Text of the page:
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SCOTUS Agrees To Hear Second Challenge To Biden’s Student Loan Plan

The Supreme Court agreed on Monday to hear a second case challenging the Biden administration’s student loan forgiveness plan.
by Alexa Schwerha

The Supreme Court agreed on Monday to hear a second case challenging the Biden administration’s student loan forgiveness plan.

The case, which originally succeeded in blocking the administration’s plan to cancel up to $20,000 per borrower, will be heard in February, according to the court document.

It was first filed in Texas by student loan borrowers Myra Brown and Alexander Taylor, who sued after not being included in the debt-forgiveness plan.

The U.S. Department of Justice (DOJ) appealed the decision by the Texas federal judge to block the Biden administration’s student loan plan from going forward. Still, the request was denied by the U.S. Court of Appeals for the Fifth Circuit on Nov. 30.

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The DOJ then asked the Supreme Court to take up the case and also to lift the hold on the plan; the latter request was denied.

Both parties were instructed to argue “whether respondents have… standing” to bring the case to the Supreme Court and if “the Department’s plans statutorily authorized and was adopted in a procedurally proper manner,” according to the document.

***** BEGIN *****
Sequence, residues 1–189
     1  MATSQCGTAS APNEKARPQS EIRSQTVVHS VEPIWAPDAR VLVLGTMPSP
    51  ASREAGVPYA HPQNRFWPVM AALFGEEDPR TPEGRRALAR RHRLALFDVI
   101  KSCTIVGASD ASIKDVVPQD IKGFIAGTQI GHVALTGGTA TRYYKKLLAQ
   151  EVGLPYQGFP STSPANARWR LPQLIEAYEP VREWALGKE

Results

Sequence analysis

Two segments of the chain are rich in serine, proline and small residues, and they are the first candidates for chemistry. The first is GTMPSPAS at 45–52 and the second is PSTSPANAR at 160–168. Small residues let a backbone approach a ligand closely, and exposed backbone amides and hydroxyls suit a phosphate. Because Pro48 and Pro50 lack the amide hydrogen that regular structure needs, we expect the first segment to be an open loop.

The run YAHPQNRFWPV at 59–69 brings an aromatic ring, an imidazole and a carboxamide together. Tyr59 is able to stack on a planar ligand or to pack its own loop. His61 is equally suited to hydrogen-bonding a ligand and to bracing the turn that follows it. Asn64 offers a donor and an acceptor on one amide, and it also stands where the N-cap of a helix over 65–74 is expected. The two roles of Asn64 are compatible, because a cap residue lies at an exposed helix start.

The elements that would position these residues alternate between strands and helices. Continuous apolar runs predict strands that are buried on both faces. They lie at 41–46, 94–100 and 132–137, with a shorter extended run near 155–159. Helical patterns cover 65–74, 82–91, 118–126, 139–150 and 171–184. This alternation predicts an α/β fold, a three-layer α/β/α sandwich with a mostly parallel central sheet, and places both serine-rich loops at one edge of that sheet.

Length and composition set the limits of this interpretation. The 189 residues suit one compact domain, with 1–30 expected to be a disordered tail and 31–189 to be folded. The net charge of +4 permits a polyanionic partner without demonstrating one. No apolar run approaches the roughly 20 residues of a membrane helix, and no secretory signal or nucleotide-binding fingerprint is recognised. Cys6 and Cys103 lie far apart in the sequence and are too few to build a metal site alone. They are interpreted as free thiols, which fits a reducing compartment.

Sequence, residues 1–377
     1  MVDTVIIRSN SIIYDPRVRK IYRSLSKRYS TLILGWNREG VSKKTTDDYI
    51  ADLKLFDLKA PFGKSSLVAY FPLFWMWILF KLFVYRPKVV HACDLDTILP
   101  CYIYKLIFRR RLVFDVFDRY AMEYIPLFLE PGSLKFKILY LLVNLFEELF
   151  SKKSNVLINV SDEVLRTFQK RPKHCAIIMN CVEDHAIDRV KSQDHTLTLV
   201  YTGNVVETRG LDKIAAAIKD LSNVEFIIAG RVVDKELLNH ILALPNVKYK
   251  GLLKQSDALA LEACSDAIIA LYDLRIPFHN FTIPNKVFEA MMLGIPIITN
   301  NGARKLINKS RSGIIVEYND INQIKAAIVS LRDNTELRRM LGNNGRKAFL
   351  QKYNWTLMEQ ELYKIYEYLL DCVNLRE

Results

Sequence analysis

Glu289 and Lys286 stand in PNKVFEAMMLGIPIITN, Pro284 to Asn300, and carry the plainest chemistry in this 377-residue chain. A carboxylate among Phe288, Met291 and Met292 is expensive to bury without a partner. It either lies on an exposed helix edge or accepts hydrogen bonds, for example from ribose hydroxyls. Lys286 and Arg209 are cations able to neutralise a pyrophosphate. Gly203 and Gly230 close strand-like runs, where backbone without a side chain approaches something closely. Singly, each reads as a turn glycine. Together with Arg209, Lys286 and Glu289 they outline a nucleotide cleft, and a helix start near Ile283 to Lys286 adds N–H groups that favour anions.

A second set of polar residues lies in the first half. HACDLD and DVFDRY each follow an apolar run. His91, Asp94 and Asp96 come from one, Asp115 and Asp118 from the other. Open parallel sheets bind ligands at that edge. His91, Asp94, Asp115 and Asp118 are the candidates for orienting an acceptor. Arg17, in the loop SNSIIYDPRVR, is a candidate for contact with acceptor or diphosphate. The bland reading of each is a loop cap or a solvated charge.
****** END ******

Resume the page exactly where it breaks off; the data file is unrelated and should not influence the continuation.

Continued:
The Supreme Court originally agreed on Dec. 1 to hear a challenge from six Republican states against the Biden administration’s proposal. The states claim that it would hurt their tax revenues. The challenge was issued by Nebraska, Missouri, Arkansas, Iowa, Kansas, and South Carolina, all of which are listed as plaintiffs in the first case.

Biden’s student loan forgiveness plan was released in August and would reportedly partially cancel student debt for 40 million borrowers. Borrowers who received Pell Grants were eligible for $20,000 in relief, while the plan canceled $10,000 for those not on Pell Grants. It applied to borrowers who made less than $125,000.

Student loan repayments are currently on pause and will remain so until 2023, NPR reported. Borrowers will be expected to return to making payments 60 days after the program is reinstated, or 60 days after June 30 depending on the legal ruling.

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